Jackie Silver is an example of someone making a difference. While studying for her Masters of Health Science in Nutrition Communication at Ryerson University in 2019, she interned at Special Olympics Ontario where she worked with athletes with disabilities. She immediately saw a big gap between people with disabilities and being able to access nutrition.
“The organization had 25,000 athletes but not a single dietician. I wondered, ‘why are these athletes not being treated like athletes and getting the nutritional support they deserve?’” said Jackie. “This is where I developed a strong passion for what I do.”
Jackie well understands the challenges people with disabilities often face. She was born with a vascular malformation in her left leg, and uses a wheelchair. In 2020, Jackie launched a virtual private practice to empower people with disabilities to make sustainable and long-term healthy habits, assist in managing conditions and prevention of long-term complications through making good nutritional choices.
A Passionate Ambassador
Jackie’s journey of making a difference began long before university. When she visited Vancouver from Ontario with her family a decade ago, she met Rick Hansen and asked how she could become more involved in advocating for people with disabilities. Jackie was put in touch with the Rick Hansen Foundation Ambassador program director, and the rest, as they say, is history.
“I was really inspired by Rick Hansen and his story. It motivated me to want to make a difference,” she recalled. “I wanted to help raise awareness about the potential of people with disabilities, and I wanted to work on my public speaking skills, and being an Ambassador was a really good opportunity to do that. Raising awareness is really important to me to show that you can live a full life with a disability. It isn’t about being an inspiration. It’s something that just is. I wanted to help spread that message.”
As Jackie is one of RHF’s long-time Ambassadors, she has experienced both in-person and virtual presentations. While the nature of the virtual world means there are no more barriers related to travel associated with in-person presentations, addressing children and youth through a computer screen was not without some adjustments.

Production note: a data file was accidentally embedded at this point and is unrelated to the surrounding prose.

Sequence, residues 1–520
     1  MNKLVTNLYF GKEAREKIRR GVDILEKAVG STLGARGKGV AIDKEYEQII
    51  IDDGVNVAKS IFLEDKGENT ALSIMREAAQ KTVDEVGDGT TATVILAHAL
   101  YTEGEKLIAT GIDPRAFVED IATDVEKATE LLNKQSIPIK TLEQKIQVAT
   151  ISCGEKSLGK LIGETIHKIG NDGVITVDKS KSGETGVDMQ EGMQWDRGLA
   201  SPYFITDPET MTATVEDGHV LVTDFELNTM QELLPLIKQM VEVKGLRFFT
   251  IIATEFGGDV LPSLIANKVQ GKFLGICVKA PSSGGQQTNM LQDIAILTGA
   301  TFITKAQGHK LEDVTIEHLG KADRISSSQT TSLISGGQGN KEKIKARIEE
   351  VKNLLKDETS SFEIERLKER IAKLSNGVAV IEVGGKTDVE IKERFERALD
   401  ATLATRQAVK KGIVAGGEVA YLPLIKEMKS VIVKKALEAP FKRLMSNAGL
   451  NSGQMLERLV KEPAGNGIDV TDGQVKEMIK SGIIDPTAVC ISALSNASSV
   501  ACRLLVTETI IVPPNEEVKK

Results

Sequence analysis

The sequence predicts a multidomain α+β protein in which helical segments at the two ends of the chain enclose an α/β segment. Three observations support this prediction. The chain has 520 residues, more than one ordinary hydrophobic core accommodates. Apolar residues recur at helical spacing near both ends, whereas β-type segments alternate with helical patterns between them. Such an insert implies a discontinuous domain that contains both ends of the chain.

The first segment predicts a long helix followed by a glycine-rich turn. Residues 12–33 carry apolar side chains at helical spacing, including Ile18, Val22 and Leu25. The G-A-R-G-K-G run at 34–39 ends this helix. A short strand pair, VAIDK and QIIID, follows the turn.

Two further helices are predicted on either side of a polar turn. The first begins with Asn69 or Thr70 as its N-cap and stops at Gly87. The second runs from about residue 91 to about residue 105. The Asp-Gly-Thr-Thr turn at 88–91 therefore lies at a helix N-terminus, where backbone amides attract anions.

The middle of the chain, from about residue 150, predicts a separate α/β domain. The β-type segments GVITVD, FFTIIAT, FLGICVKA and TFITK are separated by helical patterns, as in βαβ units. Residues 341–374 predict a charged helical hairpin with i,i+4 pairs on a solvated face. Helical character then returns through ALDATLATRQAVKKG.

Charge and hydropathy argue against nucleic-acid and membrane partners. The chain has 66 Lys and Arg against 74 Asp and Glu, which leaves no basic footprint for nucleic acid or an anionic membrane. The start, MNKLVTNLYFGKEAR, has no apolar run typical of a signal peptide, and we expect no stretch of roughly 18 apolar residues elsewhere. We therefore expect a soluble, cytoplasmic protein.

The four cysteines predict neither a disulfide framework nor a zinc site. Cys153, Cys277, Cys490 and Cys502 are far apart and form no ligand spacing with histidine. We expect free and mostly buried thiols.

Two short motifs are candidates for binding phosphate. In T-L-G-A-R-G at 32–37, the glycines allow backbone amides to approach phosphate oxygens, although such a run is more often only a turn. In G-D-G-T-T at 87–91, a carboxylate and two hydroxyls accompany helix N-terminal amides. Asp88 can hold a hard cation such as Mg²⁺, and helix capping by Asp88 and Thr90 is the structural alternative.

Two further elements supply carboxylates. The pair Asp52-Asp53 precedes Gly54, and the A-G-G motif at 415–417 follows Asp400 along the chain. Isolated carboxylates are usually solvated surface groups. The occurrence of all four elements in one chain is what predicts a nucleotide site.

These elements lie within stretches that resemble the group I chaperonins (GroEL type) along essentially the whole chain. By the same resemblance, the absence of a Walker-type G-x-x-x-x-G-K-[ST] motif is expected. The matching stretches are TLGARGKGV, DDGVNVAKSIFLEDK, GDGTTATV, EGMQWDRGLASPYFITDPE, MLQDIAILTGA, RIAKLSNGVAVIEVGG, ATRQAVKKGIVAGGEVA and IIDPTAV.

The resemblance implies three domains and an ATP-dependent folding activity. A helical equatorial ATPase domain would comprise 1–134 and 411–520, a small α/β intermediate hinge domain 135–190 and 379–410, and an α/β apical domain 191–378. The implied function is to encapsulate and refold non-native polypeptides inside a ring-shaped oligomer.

“When it was in the classroom, the kids can obviously see that I have a wheelchair,” she said. “Online, they’re seeing me from the waist up, so I have to make sure I choose the right pictures to convey to them that I do use a wheelchair, and some of the barriers I might face. In person, you really have to be on your game! Virtually, sometimes you’re just speaking to a screen and wonder if they’re listening…”
The level of engagement comes through during the question period of the presentations, Jackie added.
“One of the questions I was recently asked is if there was a cure for my condition, would I take it?” she said. “That’s a very deep question. I thought about it and said, ‘If there was a cure, why not? I would take it. BUT my life is still meaningful as it is.’”
The Bigger Picture
Being a part of the RHF team of Ambassadors creates meaningful change for people with disabilities. As with any social movement, it’s the sum of many actions, both big and small, that contribute to the larger cultural shift.
“The presentations change attitudes and raise a lot of awareness in how they view people with disabilities. The first thing is showing children and youth that you can still live a full life with a disability. It doesn’t have to stop you,” Jackie said. “I think it helps them to start noticing all the accessibility barriers that exist that they probably didn’t notice before.
“Even if just one of the messages sticks with them and, say, five years later they say, ‘Oh, because of your presentation, I spoke to somebody in a wheelchair directly, and not to their caregiver’ – well, that to me is one of those little things that really mean a lot.”
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